You’ve decided that getting an advisor could really help your business grow and provide some much-needed expertise. So how do you go about ensuring that you really make the most out of the relationship, and how can you harness the real value that advisors can bring to your business?
Here are some key pointers in developing a great relationship with your advisor, how to engage effectively, and what pitfalls to be aware of.
Structuring an advisory relationship
We suggest taking a professional approach to structuring your relationship to ensure both you and your advisor understand what is expected from the relationship at the outset, this will also set guidance and working standards.
At Invigorate we make sure that all advisory engagements are put into writing, with the advisor time and compensation clearly defined. This includes roles and responsibilities, as well as outcomes, that both parties expect from the relationship.
We also give your arrangement all the legal structure you may need binding the relationship into a tripartite agreement. The liability of the delivery of the outcomes is up to the advisor. We include other elements to cover you such as confidentiality clauses, and give you the flexibility to add any further details which might wish to in your own separate legal agreement.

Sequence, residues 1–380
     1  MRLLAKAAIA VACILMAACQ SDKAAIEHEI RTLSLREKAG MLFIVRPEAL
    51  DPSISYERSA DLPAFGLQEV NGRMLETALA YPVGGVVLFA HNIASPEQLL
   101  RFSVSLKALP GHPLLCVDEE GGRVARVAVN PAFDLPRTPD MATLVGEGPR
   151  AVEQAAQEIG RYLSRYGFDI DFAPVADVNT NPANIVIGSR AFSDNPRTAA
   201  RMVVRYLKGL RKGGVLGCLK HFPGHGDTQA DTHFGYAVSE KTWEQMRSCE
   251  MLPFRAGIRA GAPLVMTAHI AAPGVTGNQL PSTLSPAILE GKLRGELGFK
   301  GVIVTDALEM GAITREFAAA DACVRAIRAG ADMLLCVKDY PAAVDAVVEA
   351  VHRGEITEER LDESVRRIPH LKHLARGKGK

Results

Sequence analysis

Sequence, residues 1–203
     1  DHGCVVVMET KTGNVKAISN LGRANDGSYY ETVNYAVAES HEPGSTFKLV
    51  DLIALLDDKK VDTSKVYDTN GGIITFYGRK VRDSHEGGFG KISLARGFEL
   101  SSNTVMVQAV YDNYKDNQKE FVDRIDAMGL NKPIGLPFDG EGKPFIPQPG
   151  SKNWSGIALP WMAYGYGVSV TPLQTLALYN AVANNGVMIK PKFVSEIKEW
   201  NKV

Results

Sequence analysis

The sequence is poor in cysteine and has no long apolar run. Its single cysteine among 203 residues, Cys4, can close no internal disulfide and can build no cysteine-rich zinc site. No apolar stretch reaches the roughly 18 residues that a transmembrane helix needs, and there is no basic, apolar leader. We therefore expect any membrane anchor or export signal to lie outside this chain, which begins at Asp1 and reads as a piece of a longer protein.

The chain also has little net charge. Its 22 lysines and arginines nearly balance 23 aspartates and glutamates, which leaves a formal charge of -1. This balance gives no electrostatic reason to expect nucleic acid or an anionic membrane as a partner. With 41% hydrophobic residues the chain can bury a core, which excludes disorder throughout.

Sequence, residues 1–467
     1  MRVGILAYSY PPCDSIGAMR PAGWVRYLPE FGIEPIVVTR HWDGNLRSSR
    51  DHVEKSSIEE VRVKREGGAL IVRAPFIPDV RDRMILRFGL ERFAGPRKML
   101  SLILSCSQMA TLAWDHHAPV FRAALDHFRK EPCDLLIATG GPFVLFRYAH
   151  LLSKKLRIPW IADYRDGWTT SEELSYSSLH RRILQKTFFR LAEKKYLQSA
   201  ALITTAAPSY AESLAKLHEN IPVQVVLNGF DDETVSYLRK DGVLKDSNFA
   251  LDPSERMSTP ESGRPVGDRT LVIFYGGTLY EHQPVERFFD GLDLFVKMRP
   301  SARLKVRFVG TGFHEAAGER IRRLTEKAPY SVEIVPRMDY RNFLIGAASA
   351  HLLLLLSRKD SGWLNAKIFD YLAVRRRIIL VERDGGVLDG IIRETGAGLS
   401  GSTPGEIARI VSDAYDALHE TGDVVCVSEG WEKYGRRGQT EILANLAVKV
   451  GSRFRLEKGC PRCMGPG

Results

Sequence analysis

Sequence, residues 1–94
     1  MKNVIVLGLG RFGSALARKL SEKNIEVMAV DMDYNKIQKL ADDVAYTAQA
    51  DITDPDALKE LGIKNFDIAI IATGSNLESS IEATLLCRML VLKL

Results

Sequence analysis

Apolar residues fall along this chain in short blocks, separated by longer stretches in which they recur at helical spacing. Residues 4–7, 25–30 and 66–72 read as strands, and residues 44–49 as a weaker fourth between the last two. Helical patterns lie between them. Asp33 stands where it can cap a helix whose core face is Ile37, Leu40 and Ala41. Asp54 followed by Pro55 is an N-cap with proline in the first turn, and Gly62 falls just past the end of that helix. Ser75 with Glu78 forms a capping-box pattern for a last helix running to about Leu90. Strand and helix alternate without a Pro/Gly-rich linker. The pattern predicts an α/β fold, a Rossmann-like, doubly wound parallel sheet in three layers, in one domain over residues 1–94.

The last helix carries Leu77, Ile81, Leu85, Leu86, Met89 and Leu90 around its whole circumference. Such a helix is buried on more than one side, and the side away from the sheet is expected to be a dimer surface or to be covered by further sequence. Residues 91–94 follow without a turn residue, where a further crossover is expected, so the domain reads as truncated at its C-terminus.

There are a variety of ways in which you can engage an advisor:
A few hours/days a month for strategic advice, helpful and challenging questions and lessons learnt from running and scaling their own businesses. This relationship might also be helpful for certain commercial introductions
A few days a week, typically used for on-going supportive relationships, helping set departments up for scaling success
For a project basis, if a specific outcome that needs to delivered and your business needs hands-on support, this could be a fundraise or a large executive recruitment spree
Putting together a working pattern
It’s important to ensure that each task or output you ask of your advisor is clearly and simply defined to ensure that both parties understand what is expected. There should be some sort of measurable or numerical guidelines associated with the engagement, as well as the time frames in which you both expect these outcomes to be achieved. It’s also worth ensuring exploring that both parties feel that the outcomes are achievable and realistic. For example, if you are expecting an advisor to help you with commercial introductions, ensure you are both aware how many introductions are expected, in what timeframe and of what nature.
Not every aspect of advice can be quantified but it is helpful to set up periodic meetings that are dedicated to understanding how the relationship is working. This provides a perfect forum and opportunity for issues to be aired and discussed. This also allows your advisor the opportunity to explain what might not be going to plan as planned or what he/she needs extra support on.